The second major example of problematic representation involves the character of Unique Adams, a Black transgender woman introduced in season three. Right off the bat this character upholds harmful societal ideas about trans women: she is played by a cisgender male actor, an industry standard that leads to inaccurate and harmful portrayals, makes it extremely hard for trans women actresses to get work, and relies on the popular notion of the trans woman as “just a man in a dress”. Interestingly, Glee showrunner Ryan Murphy is also guilty of this in one of his other shows, American Horror Story: Freak Show, which features a transgender woman playing a ‘giant woman’ in the freakshow, the part of which was originally cast for a cisgender man (Leah 2014). The introduction of Unique was a step forward after no trans representation and the use of a transmisogynist slur in a season two episode about Rocky Horror. However, Unique’s character has very little to her, and simply becomes a foil for the other characters via the neoliberal flexibility discussed above, and a shell through which the show can explore gendered and race based discrimination (Sandercock 2015).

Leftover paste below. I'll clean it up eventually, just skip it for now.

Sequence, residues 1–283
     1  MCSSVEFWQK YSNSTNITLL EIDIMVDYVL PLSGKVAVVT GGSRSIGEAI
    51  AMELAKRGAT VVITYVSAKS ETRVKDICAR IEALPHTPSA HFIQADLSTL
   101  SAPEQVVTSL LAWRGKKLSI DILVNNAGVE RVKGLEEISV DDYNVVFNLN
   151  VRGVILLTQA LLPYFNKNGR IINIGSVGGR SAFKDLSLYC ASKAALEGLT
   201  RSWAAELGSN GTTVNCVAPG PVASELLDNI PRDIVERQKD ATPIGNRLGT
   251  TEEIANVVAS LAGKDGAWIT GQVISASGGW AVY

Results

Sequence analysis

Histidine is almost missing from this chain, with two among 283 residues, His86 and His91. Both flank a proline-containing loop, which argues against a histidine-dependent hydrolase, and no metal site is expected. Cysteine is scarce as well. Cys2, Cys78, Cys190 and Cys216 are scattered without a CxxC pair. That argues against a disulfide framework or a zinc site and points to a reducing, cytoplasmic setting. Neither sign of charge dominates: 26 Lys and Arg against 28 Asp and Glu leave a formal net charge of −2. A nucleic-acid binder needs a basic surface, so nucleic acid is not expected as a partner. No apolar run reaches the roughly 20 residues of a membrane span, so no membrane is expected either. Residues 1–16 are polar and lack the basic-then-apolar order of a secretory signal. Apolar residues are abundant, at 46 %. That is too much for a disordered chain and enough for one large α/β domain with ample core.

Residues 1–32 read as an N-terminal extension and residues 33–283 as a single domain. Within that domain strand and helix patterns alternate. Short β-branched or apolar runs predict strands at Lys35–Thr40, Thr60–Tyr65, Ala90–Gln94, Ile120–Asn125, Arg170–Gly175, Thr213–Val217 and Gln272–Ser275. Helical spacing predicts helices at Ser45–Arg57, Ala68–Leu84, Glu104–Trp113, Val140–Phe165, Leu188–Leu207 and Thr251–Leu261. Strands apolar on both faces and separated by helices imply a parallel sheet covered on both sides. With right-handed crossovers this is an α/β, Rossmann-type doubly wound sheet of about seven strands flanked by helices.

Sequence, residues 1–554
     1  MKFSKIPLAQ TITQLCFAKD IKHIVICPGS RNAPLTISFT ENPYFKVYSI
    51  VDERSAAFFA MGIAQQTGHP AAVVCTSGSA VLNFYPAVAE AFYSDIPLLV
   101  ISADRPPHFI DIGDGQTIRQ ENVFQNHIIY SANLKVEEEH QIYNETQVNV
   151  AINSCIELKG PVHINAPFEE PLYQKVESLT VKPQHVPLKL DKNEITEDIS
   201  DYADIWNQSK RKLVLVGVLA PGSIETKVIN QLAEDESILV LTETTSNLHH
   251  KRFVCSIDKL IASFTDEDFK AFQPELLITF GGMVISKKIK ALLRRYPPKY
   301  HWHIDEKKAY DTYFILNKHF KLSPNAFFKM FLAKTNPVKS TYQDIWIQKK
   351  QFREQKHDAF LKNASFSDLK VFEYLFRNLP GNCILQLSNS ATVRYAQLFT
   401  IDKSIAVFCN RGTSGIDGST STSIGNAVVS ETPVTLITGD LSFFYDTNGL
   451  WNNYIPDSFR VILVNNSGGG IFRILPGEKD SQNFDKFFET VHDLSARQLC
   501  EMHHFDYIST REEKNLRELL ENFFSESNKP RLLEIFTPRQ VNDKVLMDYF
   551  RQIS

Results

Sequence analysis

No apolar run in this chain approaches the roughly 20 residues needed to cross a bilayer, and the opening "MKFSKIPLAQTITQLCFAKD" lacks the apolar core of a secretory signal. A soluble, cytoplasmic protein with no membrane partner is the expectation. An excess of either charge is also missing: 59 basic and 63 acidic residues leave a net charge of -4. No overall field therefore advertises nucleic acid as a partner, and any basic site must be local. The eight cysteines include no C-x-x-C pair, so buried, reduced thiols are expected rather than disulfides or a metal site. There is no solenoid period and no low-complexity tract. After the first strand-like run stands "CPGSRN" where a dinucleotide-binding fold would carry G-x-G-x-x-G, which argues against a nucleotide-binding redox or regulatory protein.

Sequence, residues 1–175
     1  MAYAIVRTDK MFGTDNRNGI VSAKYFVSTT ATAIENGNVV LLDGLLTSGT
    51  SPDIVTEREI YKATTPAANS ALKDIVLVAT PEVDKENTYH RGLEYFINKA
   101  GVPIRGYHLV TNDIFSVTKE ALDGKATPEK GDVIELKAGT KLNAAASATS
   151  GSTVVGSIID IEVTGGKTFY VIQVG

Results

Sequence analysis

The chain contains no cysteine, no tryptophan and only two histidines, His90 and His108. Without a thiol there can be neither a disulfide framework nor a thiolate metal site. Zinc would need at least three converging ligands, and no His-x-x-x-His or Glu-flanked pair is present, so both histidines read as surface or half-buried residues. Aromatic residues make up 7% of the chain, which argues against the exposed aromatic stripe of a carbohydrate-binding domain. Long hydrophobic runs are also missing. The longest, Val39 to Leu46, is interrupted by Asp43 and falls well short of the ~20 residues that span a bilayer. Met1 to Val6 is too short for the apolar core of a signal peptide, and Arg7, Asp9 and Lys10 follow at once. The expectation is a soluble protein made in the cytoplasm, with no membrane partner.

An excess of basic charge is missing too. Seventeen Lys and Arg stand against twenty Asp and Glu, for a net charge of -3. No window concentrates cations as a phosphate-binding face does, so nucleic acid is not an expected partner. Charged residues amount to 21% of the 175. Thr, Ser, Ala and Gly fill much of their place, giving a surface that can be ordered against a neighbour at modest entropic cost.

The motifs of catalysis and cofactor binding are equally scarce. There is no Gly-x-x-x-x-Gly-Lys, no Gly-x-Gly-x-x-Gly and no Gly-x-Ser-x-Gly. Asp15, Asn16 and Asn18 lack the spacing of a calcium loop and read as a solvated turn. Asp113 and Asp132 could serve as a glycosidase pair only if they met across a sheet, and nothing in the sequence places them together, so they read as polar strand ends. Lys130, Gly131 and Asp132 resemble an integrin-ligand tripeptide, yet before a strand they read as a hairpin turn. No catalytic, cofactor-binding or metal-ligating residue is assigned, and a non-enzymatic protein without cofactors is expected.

In her debut episode, Unique meets with Kurt and Mercedes, another Black woman. In this interaction and throughout her appearances, Unique is portrayed as aligned with and between these two characters – she is queer (by means of her gender, as she is straight – though Kurt immediately misassumes her to be a gay cisgender man) and Black. This is highlighted further as characters point out their similarities: one character can see no difference between Mercedes and Unique; another calls the two very similar nicknames; and Unique herself refers to herself as a love child of Mercedes and Kurt.